A taskforce bringing together an array of experts in a variety of fields has laid out a roadmap for Australia’s reopening to the rest of the world.
The report, A Roadmap to Reopening, argues the current international border closure could be detrimental to the country’s international reputation and suggests sector-specific travel bubbles for heavily affected industries such as the arts.
According to the taskforce, the government’s insistence on a Covid-elimination approach rather than a strategy to live with the virus is “disappointing”, with the national budget forecasting overseas travel to stay at low levels until mid-2022.
“Australia can’t have its border closed indefinitely for a very simple reason: it’s going to inflict significant economic, social and cultural costs,” former race discrimination commissioner and report sponsor Tim Soutphommasane told SBS News.
“We are a trading nation and we are a multicultural nation and our society and culture can’t be separated from the rest of the world.
“It’s disappointing to see that we have seen a ‘fortress Australia’ mentality kick in where we have turned our backs on the rest of the world.”
The report calls for steps toward international re-engagement based on widespread and rapid vaccination, border testing and immunity requirements for incoming travellers, and enhanced, tailored quarantine systems.
“We have been highly successful in suppressing COVID-19; you might even say we have been winning the war against COVID-19, but if we are not careful we could end up losing the peace,” Mr Soutphommasane said.
“Let’s remember that about half of the Australian population was born overseas or has a parent that was born overseas so having borders closed doesn’t simply mean people are going to be prevented from taking an overseas holiday.
“It also means people have no certainty about when they will see family members overseas.”
At risk of becoming a ‘hermit nation’
Research conducted by the Sydney Policy lab alongside the report found 55 per cent of poll respondents support travel between countries where people are fully vaccinated and COVID-19 is under control. Another 54 per cent support entry of international students where they are fully vaccinated and subject to university-provided quarantine.
Meanwhile 53 per cent support the entry and quarantine of creative workers where they are fully vaccinated and involved in major projects.
“We are not suggesting we go back to what the case was pre-Covid. We absolutely need to keep the population safe, but we don’t believe the whole population needs to be vaccinated,” Mr Soutphommasane said.
“We are suggesting that there is a controlled, staged and risk-weighted reopening of Australia’s borders.”
Launched by former NSW premier Mike Baird on Friday, the report is intended to be formally presented to the NSW Government as a submission to the National Cabinet.
“I think it’s really quite transformational in terms of public policy,” Mr Baird told the launch.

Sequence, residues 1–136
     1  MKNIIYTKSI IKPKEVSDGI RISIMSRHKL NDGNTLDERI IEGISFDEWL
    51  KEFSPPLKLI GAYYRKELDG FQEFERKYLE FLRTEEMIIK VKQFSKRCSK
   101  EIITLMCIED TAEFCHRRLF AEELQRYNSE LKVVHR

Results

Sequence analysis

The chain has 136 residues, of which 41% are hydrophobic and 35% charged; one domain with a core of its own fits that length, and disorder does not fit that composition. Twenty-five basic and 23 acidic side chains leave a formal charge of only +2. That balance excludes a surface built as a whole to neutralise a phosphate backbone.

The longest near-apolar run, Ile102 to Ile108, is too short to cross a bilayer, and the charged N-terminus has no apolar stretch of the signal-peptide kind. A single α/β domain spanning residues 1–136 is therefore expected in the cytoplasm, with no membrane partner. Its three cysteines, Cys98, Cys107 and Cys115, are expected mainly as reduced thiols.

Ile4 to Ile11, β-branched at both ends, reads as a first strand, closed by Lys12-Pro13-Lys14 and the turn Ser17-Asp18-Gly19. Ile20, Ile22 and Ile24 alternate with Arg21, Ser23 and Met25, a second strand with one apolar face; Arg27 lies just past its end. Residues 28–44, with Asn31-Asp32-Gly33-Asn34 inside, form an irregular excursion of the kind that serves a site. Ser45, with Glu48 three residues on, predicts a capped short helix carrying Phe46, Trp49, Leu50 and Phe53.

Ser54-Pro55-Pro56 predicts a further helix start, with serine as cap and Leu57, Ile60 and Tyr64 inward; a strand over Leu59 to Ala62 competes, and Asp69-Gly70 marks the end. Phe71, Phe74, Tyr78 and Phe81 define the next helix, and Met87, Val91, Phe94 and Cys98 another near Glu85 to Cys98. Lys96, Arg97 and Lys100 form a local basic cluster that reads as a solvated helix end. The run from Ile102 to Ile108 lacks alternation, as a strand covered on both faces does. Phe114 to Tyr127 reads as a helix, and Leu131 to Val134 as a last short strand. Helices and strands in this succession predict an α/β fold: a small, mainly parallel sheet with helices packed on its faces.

“Covid is not yet defeated and there’s a long way to go, so what is next and how do we prepare ourselves as a nation?”
“Is this the chance in the moment for Australia to take a bold step on the global stage?”
Describing the report as a “psychological runway” to reopening to the world, the team of multi-disciplinary experts says it aims to free the Australian population from the current “holding pattern”.
Chaired by global law expert Mark Rigotti, the taskforce includes experts in architecture, design and planning, the arts, settlement services, economics and law. Among the advisory team was University of Sydney infectious diseases specialist Ben Marais.
“Incidental outbreaks can not detract from the long-term goal of safe re-engagement. This needs to be the number one question we are all asking ourselves every day,” Mr Rigotti said.
“The future prospects of thousands of Australians will be determined by our success: small business owners reliant on international tourism and international labour, mid-career academics, people who have given their lives to creative industries, farmers struggling to deliver the harvest.”
The report warns the risk of not reopening, especially for younger generations, is facing “a lost decade”.
“At the end of last year, we suddenly realised a whole host of sections of Australian society were growing increasingly anxious about the future,” University of Sydney policy lab director Professor Marc Stears told SBS News.
“Both the federal and state governments … have responded extremely well to the challenges of the pandemic, much better than democratic countries around the world, but as a consequence of being so consumed by the immediate crisis, there’s been less looking at the horizon.”
According to Professor Stears, an energised vaccine rollout is an important step of the country’s reopening but “we don’t want to wait until every last person is vaccinated before you have some sort of re-engagement”.
“We’ve seen the best of Australia during Covid, people coming together to tackle it but we’ve also seen glimmerings of the worst, in terms of racism and xenophobia and nervousness,” he said.
“What you don’t want the next stage of the pandemic to be about is people hunkering down in a hermit nation. You want rather to encourage people to look outward again.”